The federal False Claims Act (aka Qui Tam statute) provides a cause of action for an employee who is retaliated against for attempting to prevent its employer from making fraudulent claims for payment to the United States.  An open issue in the Fifth Circuit (the federal court of appeals covering appeals from Texas, Louisiana and Mississippi) was how quickly a plaintiff had to file a lawsuit for retaliation under the statute. In Riddle v. Dyncorp Inter. Inc., the Court clarified that the appropriate statute of limitations for an FCA retaliation claim in Texas is two years.  

In Riddle, the plaintiff alleged that he was a senior employment manager for Dyncorp until he was terminated.  Prior to his termination, Dyncorp, according to Riddle, contracted with the federal government to create a database but took no meaningful steps to fulfill the obligation.  He claims that when he protested the inaction, he was marginalized at work and eventually fired.  He filed his complaint against Dyncorp and three employees 178 days after his termination.  The company moved to dismiss the complaint alleging that a 90 day statute of limitations (borrowed from the Texas Whistleblower Act) applied to the claim and was untimely.  The trial court accepted this argument and dismissed the complaint.

On appeal, the Fifth Circuit Court of Appeals reversed the trial court and concluded that a two year statute of limitations applied to the claim.  When a federal cause of action fails to set a statute of limitations, the court is required to look at the most closely applicable state law claim and apply its statute of limitations.  Here, the court of appeals had to determine whether the 90 days statute of limitations from the Texas Whistleblower Act or the general two year statute of limitations applying to personal injury claims and is the default limitations period under Texas law applied.  Given that the Texas Whistleblower Act applies only to public employees and requires the exhaustion of any administrative appeals processes of the public employer, the Court found a sufficient number of differences between the FCA and TWA such that the 90 day limitations period was inapplicable.  Instead, the Court held that an FCA retaliation claim is more closely akin to a Sabine Pilot wrongful discharge claim (i.e., termination for refusal to perform an illegal act) because it is available to all employees (except those covered by contract or CBA) and has no administrative prerequisites that must be exhausted before bringing suit.  The Sabine Pilot claim has a two year statute of limitations.  Consequently, the Court concluded that the two year limitations period was appropriate, reversed the trial court’s dismissal, and remanded the case back to the trial court for further proceedings.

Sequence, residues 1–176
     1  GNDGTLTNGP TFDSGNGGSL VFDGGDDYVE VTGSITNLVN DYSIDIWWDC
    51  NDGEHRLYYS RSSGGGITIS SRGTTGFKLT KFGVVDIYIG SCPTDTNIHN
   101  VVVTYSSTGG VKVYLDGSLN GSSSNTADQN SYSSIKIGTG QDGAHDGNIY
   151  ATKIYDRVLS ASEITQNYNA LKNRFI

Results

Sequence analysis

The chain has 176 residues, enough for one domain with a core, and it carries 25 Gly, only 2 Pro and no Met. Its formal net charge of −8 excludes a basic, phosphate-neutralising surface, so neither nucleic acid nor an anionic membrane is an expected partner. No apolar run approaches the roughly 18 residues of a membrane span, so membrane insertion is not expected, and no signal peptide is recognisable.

A full copy of the Court’s opinion is available here.

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